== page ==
Tin ceilings hover above the weathered plaster and brick walls of Two Olives Café, whose rustic, old-world character is bolstered by exposed ventilation pipes that run the length of the room. The founder of the café, Tricia Henderson, designed the room to reflect the history of the area, mounting black-and-white photographs to offer guests a more explicit glimpse into the past.
In the kitchen, fresh chicken salad is laced with apples, grapes, and almonds, giving it a sweet, tart crunch that makes it the most popular sandwich on the menu and the expected winner of next year's prom court. Ham, salami, and olive salad stack the muffaletta sandwich, and housemade chipotle dressing adds a subtle smokiness to the otherwise classic caesar salad.
At Harry Bear's, chefs hand-shape Black Angus beef into thick burgers, grill them to order, and slather them with homemade hickory sauce. For dessert, they dunk plump peach slices into the deep fryer, and then sprinkle the crispy crescents with cinnamon and sugar. Harry Bear?s matches these quintessentially American dishes with an equally patriotic dining room?blue walls sport stenciled stars, as well as vintage Coca Cola signs, teddy bears, and a collection of baseball memorabilia. Dining companions can also turn their attention toward flat-screen TVs if games of napkin peekaboo lose their appeal.
Dark Horse Grill’s menu overtakes lesser menus with a galloping barrage of burgers, steaks, and pizzas, as well as lush libations from a fully stocked bar. After whetting appetites with a starter of fried pickle chips ($3.99–$5.99), diners can tuck into a personalized pizza ($5.99–$11.99) wreathed in such textures as canadian bacon, grilled chicken, and pineapple. The Dark Horse fried chicken is battered and winged by texas toast, pickles, and onions ($12.99 for 8 pieces), and the southern-fried catfish, farm-raised in the States, is rolled in bread crumbs, cooked until golden-brown, and eaten until invisible ($10.99 with two sides). A full bar stocked with sumptuous liquors and suds on tap provides apt accompaniment for the kitchen's rustic, crispy servings.
All Royal Bavaria's unfiltered beers are brewed by guidelines of German purity law, which means they can use only four ingredients: hops, malt, yeast, and their own well water. Owned by Andy Gmeiner, a chef and restaurateur from Munich, the microbrewery sits on a 5.5-acre property. The central building is fashioned in the image of a 5,000-square-foot Bavarian farmhouse, complete with an enormous gabled roof, a 175-person outdoor beer garden, and guard rails to prevent polka dancers from flying out of control. As cool steins click to punctuate songs and toasts, traditional German dishes such as wiener schnitzel, sauerbraten, and bratwurst unfurl banners of steam against the wood-paneled walls and vaulted ceiling.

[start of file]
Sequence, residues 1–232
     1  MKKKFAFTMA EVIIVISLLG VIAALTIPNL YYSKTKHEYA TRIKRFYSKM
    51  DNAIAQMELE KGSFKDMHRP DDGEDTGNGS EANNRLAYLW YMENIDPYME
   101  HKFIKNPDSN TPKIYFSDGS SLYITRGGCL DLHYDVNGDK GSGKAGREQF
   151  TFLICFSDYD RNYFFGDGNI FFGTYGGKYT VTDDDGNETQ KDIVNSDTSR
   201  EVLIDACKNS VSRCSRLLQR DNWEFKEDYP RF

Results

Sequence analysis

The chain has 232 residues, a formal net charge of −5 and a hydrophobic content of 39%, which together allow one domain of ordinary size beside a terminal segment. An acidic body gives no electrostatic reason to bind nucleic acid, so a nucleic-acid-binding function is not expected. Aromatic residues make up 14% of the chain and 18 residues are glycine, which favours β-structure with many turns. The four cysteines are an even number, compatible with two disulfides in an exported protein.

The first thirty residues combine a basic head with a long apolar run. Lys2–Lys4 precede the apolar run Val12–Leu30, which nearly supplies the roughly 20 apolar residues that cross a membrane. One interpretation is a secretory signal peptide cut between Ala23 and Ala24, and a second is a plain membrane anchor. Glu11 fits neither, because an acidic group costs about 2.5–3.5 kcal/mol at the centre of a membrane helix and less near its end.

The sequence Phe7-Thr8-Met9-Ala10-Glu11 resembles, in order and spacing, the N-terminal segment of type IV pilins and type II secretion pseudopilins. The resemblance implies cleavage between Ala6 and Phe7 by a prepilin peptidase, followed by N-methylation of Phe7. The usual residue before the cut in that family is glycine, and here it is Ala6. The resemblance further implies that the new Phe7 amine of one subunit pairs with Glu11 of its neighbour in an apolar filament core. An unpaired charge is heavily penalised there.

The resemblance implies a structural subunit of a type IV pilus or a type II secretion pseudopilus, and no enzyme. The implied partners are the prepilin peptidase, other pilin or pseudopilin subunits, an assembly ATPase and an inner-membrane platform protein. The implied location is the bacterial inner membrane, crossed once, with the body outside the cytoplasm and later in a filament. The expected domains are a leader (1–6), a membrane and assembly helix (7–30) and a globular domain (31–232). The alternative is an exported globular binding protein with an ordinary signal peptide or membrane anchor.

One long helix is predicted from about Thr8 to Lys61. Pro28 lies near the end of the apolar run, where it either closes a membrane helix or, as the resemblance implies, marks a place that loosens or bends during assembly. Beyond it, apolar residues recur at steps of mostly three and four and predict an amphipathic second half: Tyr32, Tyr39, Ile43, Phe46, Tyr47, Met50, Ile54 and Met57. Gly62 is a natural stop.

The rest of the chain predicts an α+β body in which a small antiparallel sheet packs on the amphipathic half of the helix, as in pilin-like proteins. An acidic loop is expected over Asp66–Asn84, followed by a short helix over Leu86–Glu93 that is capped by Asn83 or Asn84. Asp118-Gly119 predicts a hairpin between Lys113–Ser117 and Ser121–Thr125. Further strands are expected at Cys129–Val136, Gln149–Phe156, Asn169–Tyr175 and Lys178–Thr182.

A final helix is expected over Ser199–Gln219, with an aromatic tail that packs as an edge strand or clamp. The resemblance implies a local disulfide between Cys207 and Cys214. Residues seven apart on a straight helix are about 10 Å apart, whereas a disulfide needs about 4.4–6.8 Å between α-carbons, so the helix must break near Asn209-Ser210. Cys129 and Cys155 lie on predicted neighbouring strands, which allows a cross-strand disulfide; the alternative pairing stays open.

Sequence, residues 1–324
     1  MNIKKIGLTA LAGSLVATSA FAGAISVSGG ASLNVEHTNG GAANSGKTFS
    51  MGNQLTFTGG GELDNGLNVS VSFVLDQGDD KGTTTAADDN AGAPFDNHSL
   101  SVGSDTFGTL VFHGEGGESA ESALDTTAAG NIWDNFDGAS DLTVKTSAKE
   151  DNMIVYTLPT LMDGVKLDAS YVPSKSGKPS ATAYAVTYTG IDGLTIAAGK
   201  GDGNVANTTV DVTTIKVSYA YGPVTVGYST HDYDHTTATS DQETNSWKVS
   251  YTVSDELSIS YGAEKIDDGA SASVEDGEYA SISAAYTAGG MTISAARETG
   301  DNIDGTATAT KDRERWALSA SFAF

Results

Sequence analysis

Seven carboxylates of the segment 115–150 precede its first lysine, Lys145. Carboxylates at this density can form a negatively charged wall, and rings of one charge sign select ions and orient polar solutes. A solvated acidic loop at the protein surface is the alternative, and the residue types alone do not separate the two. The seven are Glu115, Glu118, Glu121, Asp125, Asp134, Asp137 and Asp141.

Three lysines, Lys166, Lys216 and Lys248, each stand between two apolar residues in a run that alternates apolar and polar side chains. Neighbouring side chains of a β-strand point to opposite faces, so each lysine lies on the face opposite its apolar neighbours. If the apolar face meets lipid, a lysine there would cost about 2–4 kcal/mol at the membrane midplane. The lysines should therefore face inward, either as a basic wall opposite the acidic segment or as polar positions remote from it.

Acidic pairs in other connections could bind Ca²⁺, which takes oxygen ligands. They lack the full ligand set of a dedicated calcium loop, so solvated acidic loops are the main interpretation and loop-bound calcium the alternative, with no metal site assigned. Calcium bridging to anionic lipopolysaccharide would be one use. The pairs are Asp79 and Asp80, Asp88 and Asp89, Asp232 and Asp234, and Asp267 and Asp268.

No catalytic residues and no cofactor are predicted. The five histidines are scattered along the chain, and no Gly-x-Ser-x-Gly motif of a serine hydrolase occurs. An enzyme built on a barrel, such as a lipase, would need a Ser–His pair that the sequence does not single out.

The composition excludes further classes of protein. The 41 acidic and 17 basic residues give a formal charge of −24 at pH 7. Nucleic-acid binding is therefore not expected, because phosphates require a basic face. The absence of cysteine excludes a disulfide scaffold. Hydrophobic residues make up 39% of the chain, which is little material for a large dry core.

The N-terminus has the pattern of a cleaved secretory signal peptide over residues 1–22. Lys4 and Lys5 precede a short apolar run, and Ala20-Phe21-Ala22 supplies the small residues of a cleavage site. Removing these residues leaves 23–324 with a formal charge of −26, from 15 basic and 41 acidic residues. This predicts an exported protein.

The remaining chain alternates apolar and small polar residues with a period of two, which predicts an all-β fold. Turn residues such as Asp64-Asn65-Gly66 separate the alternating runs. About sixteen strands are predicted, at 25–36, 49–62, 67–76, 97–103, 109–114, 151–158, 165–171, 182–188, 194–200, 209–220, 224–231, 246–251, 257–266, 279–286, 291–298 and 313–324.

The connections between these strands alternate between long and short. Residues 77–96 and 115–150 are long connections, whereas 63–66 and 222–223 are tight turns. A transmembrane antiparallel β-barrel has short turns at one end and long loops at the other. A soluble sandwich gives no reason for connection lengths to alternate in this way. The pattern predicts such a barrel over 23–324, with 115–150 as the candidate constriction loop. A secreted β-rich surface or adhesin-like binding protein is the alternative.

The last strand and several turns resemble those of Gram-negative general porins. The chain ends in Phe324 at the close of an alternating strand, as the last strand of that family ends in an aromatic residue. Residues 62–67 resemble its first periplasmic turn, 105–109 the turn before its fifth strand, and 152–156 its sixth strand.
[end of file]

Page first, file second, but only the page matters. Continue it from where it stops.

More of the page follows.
The dining room, which is reminiscent of a rural bed and breakfast, is lined with antique knickknacks, pans, and deer antlers. Large picture windows offer patrons a view of the brewery, where copper tanks mash and ferment Royal's six house-made beers. While noshing on a handcrafted sausage, revelers sway to sounds of occasional live entertainment or purchase beer by the half-barrel, hand-squeezed from the folds of the finest accordions.
Owner Ricardo Lopez infuses each of his restaurant’s dishes with the distinctive flavors of Mexico, peppering marinated slices of chicken with chipotle spices and grilling steak with onions and peppers in an iron skillet. Couples and families sit at tables strewn with complimentary chips, queso, and salsa as they carve into cheesy chilies rellenos or fashion house-made flour tortillas into origami sombreros. Open seven days a week, the restaurant hosts special celebrations inside a private dining area and delivers orders of at least 10 entrees.
The namesake dishes at Sushi and Teriyaki make for a delicious pairing of traditional Japanese cuisine, sometimes cutely referred to as sushi-n-teri by the staff. Outside of the expected dishes, such as the mountainous Ahi Tower roll with spicy tuna, the chefs also prepare hibachi entrees and specialties such as spicy ramen. And customers can wash it all down with a cool Japanese beer. The entire menu is also available for takeout, letting customers still enjoy an exotic dinner in the midst of a busy schedule.